IF YOU ARE the kind of person so strongly opposed to capital punishment that you could never, under any circumstances, impose the penalty, you are known in court as a "Witherspoon excludable." The name derives from a 1968 Supreme Court decision limiting the circumstances in which a prosecutor could reject prospective jurors because of their attitudes about the death penalty. Before the Witherspoon case, jurors who expressed any compunction at all about capital punishment could be rejected by the state. But this resulted, the court said, in juries that were effectively stacked against a defendant and thus more likely to send him to the gas chamber or the electric chair. After 1968, only the hard-core group -- the Witherspoon excludables -- who would automatically vote against the penalty, could be barred from the sentencing phase of the trial.

Most states, however, separate criminal trials into two parts: adjudication and sentencing. While jurors unalterably opposed to capital punishment can be excluded from the latter, there was, until Monday, no clear ruling on whether they could be excluded from the panel determining guilt. The court has now ruled, in a case from Arkansas, that they can. At first blush that may seem reasonable. A juror's belief about the morality of the death penalty is separate from his ability to make a judgment about the guilt or innocence of the accused. But think again and your intuition may lead you in another direction.

Removing Witherspoon excludables from the fact-finding phase of the trial, a number of careful studies show, will leave a group of jurors more likely to believe that a defendant's failure to testify is indicative of his guilt, more hostile to the insanity defense, more mistrustful of defense attorneys and less concerned about the danger of erroneous convictions. Blacks and women would be disproportionately excluded. The research shows that even the very process of making these selections -- creating, lawyers say, a "death-qualified jury" -- focuses attention on the penalty and predisposes those jurors who are finally chosen to believe that the defendant is guilty.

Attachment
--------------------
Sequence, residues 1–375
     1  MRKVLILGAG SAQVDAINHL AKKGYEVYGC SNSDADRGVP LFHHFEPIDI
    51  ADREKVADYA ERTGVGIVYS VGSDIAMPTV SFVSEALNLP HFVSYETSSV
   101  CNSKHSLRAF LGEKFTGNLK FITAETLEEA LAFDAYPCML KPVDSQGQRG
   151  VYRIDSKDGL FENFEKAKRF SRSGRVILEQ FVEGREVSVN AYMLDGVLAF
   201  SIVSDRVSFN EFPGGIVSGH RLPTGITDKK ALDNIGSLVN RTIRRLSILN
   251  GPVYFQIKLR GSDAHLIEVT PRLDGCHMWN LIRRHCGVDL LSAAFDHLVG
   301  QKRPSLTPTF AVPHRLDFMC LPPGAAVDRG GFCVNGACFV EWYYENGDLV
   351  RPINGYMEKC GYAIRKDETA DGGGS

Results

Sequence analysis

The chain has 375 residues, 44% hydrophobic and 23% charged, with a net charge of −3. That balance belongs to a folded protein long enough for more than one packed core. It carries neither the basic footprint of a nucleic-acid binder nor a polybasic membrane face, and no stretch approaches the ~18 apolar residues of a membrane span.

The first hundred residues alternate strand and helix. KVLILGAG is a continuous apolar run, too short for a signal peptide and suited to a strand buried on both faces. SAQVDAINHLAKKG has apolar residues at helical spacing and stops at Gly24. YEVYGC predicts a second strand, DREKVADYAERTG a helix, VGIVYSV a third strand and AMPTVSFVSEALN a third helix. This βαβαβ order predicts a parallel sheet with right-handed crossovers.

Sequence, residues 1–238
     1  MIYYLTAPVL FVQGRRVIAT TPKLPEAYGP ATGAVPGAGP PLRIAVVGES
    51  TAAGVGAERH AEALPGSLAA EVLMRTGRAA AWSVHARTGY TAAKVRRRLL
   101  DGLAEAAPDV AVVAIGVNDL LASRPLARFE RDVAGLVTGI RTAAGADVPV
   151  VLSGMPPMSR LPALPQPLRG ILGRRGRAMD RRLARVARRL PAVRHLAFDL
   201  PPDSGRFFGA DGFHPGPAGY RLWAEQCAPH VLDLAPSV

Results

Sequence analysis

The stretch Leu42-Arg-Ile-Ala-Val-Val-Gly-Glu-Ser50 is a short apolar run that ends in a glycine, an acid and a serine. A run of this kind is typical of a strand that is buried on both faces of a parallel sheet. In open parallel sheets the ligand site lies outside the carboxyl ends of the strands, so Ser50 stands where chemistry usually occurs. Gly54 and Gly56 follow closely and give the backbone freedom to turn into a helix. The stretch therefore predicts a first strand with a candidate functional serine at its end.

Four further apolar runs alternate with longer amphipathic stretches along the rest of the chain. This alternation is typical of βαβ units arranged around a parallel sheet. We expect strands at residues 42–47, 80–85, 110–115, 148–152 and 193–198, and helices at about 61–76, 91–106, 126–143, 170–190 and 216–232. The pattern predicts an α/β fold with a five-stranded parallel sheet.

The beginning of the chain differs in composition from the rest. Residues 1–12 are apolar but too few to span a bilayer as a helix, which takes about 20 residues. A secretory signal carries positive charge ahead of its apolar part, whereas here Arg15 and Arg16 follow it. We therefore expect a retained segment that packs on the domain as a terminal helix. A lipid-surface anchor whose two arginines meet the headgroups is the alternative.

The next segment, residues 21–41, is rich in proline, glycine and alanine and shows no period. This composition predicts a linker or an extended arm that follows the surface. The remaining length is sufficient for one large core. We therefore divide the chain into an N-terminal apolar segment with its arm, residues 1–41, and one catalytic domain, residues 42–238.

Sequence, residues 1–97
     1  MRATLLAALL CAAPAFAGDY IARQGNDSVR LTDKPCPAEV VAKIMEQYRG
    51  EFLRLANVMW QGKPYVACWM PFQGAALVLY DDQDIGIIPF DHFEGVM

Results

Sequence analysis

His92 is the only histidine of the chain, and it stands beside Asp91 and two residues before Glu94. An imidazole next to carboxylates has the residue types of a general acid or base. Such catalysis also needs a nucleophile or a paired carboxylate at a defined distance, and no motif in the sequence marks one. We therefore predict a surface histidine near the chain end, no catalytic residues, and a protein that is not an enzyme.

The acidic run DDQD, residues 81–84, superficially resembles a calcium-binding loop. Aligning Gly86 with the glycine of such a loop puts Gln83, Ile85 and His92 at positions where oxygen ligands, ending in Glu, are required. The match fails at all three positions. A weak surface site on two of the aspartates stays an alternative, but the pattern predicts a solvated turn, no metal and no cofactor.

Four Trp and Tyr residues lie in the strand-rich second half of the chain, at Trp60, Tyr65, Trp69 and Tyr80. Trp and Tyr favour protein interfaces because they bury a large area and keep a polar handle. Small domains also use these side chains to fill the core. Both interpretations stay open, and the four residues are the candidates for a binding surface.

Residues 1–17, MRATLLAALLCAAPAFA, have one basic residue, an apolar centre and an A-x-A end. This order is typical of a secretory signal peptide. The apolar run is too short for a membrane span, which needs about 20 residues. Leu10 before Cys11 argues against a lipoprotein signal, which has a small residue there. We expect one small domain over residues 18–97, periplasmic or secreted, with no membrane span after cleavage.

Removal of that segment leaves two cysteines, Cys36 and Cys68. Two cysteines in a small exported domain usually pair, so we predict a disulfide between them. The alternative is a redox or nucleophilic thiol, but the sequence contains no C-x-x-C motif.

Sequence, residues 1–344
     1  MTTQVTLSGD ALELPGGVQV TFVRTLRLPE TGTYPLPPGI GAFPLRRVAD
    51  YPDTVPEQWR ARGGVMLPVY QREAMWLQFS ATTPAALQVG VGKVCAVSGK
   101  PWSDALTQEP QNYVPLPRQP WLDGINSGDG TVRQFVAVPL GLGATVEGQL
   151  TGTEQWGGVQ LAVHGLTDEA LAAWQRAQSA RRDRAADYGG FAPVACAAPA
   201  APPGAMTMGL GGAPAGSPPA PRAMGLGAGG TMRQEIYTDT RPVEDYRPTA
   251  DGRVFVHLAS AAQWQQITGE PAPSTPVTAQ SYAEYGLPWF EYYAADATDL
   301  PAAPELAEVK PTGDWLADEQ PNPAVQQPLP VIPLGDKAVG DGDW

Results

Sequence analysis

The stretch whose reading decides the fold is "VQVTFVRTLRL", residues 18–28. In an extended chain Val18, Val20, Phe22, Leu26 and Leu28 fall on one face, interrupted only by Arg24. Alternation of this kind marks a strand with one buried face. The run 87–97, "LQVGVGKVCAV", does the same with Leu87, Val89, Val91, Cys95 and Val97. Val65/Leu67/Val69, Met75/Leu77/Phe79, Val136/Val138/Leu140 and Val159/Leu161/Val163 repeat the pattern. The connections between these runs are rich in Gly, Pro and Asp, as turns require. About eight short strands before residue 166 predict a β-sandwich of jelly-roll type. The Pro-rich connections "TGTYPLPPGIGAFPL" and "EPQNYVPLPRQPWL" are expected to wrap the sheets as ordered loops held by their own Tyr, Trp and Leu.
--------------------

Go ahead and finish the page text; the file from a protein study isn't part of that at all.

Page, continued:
This special prosecutor's advantage comes up, of course, only in capital cases. Ironically, as the three dissenting justices in this week's case point out, it is tolerated only in cases where the offense is most serious and the possible penalty most severe.

A few days ago in this space, we noted that the court seemed to be setting up a series of strict procedural safeguards in capital cases that would make the imposition of the penalty more difficult. Monday's decision to continue the prosecutor's advantage at the fact-finding stage of these most serious cases, is a harsh setback.